In The News

Big Brothers & Big Sisters of America Pay $1.6 Million Settlement to Resolve False Claims Allegation

Back in January of this year, the Big Brothers and Big Sisters of America Corporation agreed to pay the government $1.6 million to resolve false claims allegations for funds that were awarded to it by grants from the Department of Justice. Those grants were intended to help at risk children. “Organizations such as Big Brothers do great work, but in carrying out their mission they also have an obligation to the populations they serve and to the taxpayer to ensure that government grant funds are used responsibly according to the rules,” said Principal Deputy Assistant Attorney General Benjamin C. Mizer at the time. Mizer head’s the Justice Department’s Civil Division.

Since 2004, Big Brothers have received millions of dollars in grants from the Justice Department to help initiatives designed at aiding “at-risk” children. A condition of those grants was that Big Brothers maintain sound accounting and financial management systems that would assure those funds be used for their intended purpose. The government alleged that Big Brothers violated these guidelines with respect to three grants awarded to the organization by the Justice Department from 2009 to 2011. The United States alleged that grant funds were improperly commingled with general operating funds. It was further alleged that by failing to separate these expenditures Big Brothers failed to ensure that the funds were used for these intended purpose. The allegations were the focal point of a 2013 audit of the grants performed by the Department of Justice Office of the Inspector General. Since then, Big Brothers have replaced its management team and begun implementing polices that are in line with government regulations.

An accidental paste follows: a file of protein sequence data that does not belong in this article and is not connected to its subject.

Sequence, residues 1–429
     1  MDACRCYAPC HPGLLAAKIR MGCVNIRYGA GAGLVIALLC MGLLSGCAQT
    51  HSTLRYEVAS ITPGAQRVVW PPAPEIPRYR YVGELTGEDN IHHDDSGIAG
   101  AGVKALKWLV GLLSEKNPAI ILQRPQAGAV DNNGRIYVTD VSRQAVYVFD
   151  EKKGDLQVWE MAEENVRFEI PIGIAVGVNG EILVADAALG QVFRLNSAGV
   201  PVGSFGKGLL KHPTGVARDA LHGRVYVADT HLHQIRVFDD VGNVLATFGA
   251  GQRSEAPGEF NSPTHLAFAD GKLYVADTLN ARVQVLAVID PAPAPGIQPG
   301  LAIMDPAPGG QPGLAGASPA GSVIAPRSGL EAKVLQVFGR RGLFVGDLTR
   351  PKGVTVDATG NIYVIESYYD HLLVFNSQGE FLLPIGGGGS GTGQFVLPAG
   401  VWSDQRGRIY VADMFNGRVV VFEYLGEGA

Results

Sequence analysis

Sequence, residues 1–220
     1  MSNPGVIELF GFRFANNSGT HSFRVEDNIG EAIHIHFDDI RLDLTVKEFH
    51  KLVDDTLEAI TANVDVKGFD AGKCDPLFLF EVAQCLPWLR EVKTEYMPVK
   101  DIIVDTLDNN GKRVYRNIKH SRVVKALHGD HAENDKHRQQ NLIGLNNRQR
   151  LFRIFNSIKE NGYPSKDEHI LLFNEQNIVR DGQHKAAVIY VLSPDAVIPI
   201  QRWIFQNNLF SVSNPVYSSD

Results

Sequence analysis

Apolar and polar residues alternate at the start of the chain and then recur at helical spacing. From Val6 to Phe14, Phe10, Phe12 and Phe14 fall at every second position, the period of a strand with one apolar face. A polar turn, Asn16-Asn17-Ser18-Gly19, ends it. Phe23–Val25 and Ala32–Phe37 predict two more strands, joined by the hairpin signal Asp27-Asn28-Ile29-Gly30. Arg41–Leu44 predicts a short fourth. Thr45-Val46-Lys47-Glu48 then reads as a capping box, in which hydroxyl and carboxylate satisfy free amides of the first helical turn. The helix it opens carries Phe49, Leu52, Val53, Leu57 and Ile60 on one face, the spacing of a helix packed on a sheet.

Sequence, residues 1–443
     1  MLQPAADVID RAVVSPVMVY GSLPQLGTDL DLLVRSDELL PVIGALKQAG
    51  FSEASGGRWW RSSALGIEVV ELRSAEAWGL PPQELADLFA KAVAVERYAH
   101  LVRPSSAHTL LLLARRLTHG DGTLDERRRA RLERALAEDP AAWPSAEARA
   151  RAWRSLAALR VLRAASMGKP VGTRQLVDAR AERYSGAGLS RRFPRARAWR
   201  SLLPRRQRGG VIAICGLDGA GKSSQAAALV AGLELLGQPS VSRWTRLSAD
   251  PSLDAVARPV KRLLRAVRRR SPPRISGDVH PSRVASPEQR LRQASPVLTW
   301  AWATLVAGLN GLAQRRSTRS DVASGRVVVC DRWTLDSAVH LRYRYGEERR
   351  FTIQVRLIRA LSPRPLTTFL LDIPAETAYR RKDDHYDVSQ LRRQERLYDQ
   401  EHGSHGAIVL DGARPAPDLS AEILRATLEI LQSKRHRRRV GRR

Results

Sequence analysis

“We appreciate the support of the U.S. Attorney for the Eastern District of Pennsylvania and the Civil Division in working with us on these kinds of cases,” said Department of Justice Inspector General Michael E. Horowitz at the time. “The OIG’s auditors and investigators will continue to work with each other closely to uncover misuses of grant funds, and with our law enforcement partners to ensure that justice is served.” As part of the $1.6 million settlement, Big Brothers agreed to institute a compliance program that requires the organization to engage in regular audits, establish a compliance team, an employee code of conduct, whistleblower polices and a disciplinary policy for employees who fail to disclose abuses of federal grant funds. The compliance program also provides for regular employee training on theses polices and risk assessment tools to detect abuses in the system.

If you have knowledge of fraud that has been committed against the government or one of its agencies you are encouraged to report it and to contact a Whistleblower law firm. A qui tam attorney can advise you of your rights and gauge the strength of your case.